Read more & listen here!
While most of his peers likely slept late and played video games, Jagath Jai Kumar, a freshman at Hopedale Jr-Sr. High School, took the opportunity presented by Tuesday’s snow day to put a few finishing touches on his award-winning science fair project.
Having taken second place at the March 9 Worcester Regional Science & Engineering Fair at Worcester Polytechnic Institute, Jagath has his sites set on the Massachusetts State Science & Engineering Fair, scheduled for May 2-4 at MIT.
Jagath’s project explores the question of whether infrared or ultrasonic sensors do a better job at helping robots detect objects. “I found that infrared sensors were better, both with getting faster times and seeing more objects,” Jagath said. “It completely contradicted my original hypothesis.”
Althought he’s only 14, Jagath has a career path in mind: biotechnology. “I know I want to get into that and I have a lot of ideas,” he said.
Read more on Milford Daily News
Last year, Tyler Dewitt, a graduate student at the Massachusetts Institute of Technology gave an inspiring talk at Tedx Beacon Street, recently made available online.
In short, Tyler believes scientists should present science as a “story.” He suggests that there would be benefits to be had by moving away from the dry textbook-style learning and toward making science more fun and interactive for all students.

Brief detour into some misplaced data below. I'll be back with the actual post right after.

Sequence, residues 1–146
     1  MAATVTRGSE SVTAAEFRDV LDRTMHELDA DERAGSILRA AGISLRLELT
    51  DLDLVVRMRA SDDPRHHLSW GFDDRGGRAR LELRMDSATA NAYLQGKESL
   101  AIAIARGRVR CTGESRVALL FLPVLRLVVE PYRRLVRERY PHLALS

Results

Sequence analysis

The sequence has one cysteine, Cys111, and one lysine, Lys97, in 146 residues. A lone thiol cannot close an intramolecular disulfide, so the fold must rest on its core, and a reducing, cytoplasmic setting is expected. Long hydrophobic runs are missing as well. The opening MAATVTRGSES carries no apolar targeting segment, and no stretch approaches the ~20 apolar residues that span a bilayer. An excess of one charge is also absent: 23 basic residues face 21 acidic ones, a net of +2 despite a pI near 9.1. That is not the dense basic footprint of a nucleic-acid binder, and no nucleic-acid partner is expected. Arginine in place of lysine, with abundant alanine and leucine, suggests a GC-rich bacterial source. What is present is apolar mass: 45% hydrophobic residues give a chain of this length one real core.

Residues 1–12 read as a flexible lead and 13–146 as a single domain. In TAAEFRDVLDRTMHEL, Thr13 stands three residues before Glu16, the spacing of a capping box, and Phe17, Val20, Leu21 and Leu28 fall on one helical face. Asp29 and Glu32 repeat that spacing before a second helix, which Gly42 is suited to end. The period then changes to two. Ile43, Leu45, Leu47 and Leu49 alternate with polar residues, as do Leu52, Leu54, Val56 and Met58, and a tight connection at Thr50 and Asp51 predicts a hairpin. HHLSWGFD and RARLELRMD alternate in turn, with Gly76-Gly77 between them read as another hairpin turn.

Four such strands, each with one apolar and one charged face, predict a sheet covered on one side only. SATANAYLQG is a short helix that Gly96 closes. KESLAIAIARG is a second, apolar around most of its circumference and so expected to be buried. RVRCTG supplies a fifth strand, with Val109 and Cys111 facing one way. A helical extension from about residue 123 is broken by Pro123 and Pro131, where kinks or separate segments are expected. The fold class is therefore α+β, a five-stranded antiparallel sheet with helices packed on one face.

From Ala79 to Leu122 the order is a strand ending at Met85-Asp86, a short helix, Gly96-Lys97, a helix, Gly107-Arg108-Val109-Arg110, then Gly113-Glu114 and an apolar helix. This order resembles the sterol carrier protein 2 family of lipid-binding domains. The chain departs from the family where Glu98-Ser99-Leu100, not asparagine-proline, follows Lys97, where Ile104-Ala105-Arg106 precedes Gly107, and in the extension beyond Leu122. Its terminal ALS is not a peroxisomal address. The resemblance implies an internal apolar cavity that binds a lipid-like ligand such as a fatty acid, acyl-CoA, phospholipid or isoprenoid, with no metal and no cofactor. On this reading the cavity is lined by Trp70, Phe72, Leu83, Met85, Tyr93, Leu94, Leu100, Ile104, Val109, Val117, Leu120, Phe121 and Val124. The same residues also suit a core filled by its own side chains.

Tyler supports STEM education through his involvement with MIT’s K12 video initiative and his own YouTube channel.
The 2012 National Survey of Science and Mathematics Education results were released last month. Based on the responses, the need for increased support to science and math teachers is clear.
The survey, endorsed by numerous professional educator and scientific societies, polled thousands of K-12 teachers from around the nation. Education Week pulled a number of interesting statistics from the report, noting that only one-third of middle school math teachers have a degree in either math or math education. Additionally, a majority of elementary teachers do not feel “very well prepared” to teach science and only 20 percent of them teach science every day. This is especially concerning given the move to the common-core standards. Many of the skills pushed by the new standards are those that teachers report feeling most uncomfortable with, such as having students explain reasoning and support a conclusion.
On March 9th and 10th, MIT Mechanical Engineering Professor David Wallace and the MIT Office of Digital Learning hosted the Education Design-a-thon, an education hacking event for MIT students and anyone interested in education. Organizations posed challenges and attendees chose one project to work on throughout the 32-hour event.
Projects ranged from the purely virtual — video games teaching computer program cell phone apps to help dropouts resume their education — to the extremely tactile: robotic drawing arms and hands-on tools to help teachers design curriculum.